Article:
4. You're Given Guidance about Visas and Important Logistics
Hopping on a plane to another country isn’t always as easy as just buying a ticket, no matter what passport you have. This is particularly true if you’re planning to volunteer for more than three months or if you’re going to be a full-time volunteer. Many countries require that foreigners get a visa for full-time work (even unpaid), while most countries will only grant tourist visas for 90 or 180 days, meaning that if you’re planning to stay for longer, you’re going to need a real visa.
It’s helpful to do your own homework on the laws and regulations of the country where you’re planning to spend time, but your volunteer organization should be able to help. If your organization has years of experience hosting and placing volunteers, staff will know exactly what you need to do in order to make sure your presence in the country is completely legal for the duration of your time there, and they should clearly communicate with you about anything you need to do before arrival.
If an organization hasn’t given you any information about visa, medical or other requirements for your destination country, you should start asking questions -- and if you don’t get any good answers, you should probably start looking into other options.
5. There are Qualifications Volunteers Need to Meet
If an organization doesn’t provide any training and doesn't seem to care about your experience, language skills, or background, that should be a red flag that it doesn’t care much about whether the placement is a good match for you or for the host organization.
Of course, the level of skills required by a volunteer project will vary (some need highly skilled volunteers, while others can train you on the spot) but volunteer organizations should also be making sure that you're mentally stable, have some relevant previous experiences, and/or give you an orientation to the country and job once you arrive.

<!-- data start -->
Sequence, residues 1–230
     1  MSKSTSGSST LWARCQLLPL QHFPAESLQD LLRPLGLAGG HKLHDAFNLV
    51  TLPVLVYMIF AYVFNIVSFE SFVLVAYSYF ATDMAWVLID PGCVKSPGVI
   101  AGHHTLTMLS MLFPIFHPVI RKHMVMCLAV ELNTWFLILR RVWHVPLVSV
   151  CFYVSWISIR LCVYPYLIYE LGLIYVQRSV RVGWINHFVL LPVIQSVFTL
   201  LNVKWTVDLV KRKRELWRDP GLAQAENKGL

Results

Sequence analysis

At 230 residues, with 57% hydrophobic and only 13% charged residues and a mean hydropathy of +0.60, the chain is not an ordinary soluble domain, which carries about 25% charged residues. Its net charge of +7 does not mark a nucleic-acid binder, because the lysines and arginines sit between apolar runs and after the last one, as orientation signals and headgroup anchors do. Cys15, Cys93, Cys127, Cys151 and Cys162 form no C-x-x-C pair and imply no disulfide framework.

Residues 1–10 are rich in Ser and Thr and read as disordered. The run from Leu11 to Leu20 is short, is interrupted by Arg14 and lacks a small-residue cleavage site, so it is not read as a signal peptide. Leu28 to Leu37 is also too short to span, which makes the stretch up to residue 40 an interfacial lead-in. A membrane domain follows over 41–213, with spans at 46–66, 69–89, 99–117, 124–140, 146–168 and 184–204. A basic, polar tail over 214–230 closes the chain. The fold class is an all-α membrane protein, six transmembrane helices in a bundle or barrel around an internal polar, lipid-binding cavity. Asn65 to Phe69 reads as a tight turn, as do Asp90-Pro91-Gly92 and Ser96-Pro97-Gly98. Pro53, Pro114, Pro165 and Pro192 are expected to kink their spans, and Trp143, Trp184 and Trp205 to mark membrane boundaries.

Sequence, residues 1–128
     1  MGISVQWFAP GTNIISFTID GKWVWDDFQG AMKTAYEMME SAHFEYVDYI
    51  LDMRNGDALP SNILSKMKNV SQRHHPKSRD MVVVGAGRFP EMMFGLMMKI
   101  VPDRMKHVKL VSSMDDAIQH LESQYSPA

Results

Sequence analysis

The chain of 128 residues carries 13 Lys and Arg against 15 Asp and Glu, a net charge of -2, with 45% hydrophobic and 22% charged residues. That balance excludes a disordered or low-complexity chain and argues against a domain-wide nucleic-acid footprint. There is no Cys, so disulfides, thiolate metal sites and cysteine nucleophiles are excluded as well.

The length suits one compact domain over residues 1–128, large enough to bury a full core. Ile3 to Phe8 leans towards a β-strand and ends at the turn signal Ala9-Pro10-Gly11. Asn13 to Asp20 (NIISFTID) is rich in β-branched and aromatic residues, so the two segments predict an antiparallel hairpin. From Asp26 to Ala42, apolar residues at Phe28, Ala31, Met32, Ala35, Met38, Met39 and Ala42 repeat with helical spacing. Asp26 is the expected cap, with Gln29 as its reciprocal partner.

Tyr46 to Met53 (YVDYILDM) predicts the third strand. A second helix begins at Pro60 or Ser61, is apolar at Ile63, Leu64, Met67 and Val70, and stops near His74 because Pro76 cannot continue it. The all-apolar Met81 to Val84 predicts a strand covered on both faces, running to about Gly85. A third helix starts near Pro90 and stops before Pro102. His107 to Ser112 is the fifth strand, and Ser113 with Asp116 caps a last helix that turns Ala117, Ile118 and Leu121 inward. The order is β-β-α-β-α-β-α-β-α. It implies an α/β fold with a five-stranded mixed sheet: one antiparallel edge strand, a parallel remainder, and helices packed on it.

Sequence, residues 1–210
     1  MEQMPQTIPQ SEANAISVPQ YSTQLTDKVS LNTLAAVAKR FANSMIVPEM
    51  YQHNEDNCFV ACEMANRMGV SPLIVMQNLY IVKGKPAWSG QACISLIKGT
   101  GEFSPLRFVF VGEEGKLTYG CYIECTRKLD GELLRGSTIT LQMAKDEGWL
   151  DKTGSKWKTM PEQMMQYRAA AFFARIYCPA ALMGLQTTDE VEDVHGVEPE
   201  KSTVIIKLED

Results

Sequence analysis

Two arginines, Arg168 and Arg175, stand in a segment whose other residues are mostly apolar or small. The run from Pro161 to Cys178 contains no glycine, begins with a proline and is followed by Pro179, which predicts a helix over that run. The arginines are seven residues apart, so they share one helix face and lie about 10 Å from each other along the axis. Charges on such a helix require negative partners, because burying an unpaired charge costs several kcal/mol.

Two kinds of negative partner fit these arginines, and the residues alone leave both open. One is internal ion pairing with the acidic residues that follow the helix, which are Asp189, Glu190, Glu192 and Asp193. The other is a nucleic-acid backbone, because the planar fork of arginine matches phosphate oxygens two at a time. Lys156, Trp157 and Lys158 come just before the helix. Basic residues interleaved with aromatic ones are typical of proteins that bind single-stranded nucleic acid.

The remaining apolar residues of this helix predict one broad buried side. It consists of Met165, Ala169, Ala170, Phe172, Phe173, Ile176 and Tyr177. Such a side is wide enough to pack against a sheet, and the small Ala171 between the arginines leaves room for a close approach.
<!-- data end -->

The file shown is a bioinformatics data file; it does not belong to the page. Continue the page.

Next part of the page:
For medical volunteer positions, you should absolutely have previous training and experience in the medical field prior to arrival. If you wouldn't be allowed to assist with medical work in the States, you probably shouldn't be allowed to do it abroad.
For those that work with children, you should be required to have a background check. One scam, particularly in Cambodia, is with volunteers being invited to come out to an orphanage for the day (usually approached on the street the day before). Once there, volunteers will be asked to give a donation. Don't support these shams.
Other Ways to Make Sure You Choose a Legit Organization
There’s no golden ticket to guarantee that you won’t end up with a dud organization, but like with any other major life decision, there are plenty of helpful strategies that can steer you in the right direction. Now that you know some of the signs of trouble to watch out for, here are a few other things you can do to make sure you’re looking at legit options.
Consult other travelers and read reviews
Getting a recommendation for a good organization or site can save you a lot of time and energy, and helps you feel more secure that you’re going to be working with a reputable organization. If you can’t find anyone for a firsthand recommendation, read reviews on Go Overseas, regional or country forum on a site like TripAdvisor or Lonely Planet’s Thorn Tree to see what others have done and what they have to say about it.
Ask lots of questions
Yes, you might feel like you’re annoying the poor staffers who have to answer all those emails and phones, but most providers would prefer to have volunteers who are interested and invested in what they’re going to be doing abroad, instead of people who are just looking for a cheap way to get themselves closer to a tropical beach for partying. Following up with specific questions and speaking directly with staff about the organization and what volunteering actually entails will give you a better idea of what you’d be doing and help you get a sense of how much staff know about what’s actually happening on the ground.
Be extra careful about orphanages
We’ve talked about orphanage scams before, but some of the most common scams are linked to orphanages or other centers and foundations that supposedly serve children. It’s hard to deny the appeal of working with adorable kids in need, but some soulless adults out there are all too aware of the emotional impact of children, and use that to convince plenty of well-meaning foreigners to part with their money, little (if any) of which ever goes to actually benefit the children.
There are some good orphanages out there, but if you want to volunteer with children, approach these institutions with a healthy dose of skepticism and suspicion.
Don't Worry, There are More Legit than Not Legit Programs Out There
Like dating, volunteering abroad can sometimes involve taking a chance on something that isn’t certain and hoping it works out for the best. Still, there’s no reason to end up with the obnoxious slacker dates of the volunteering world if you can avoid it, so do yourself a favor and steer far away from organizations that don’t seem like they have the best interests of both volunteers and local communities in mind.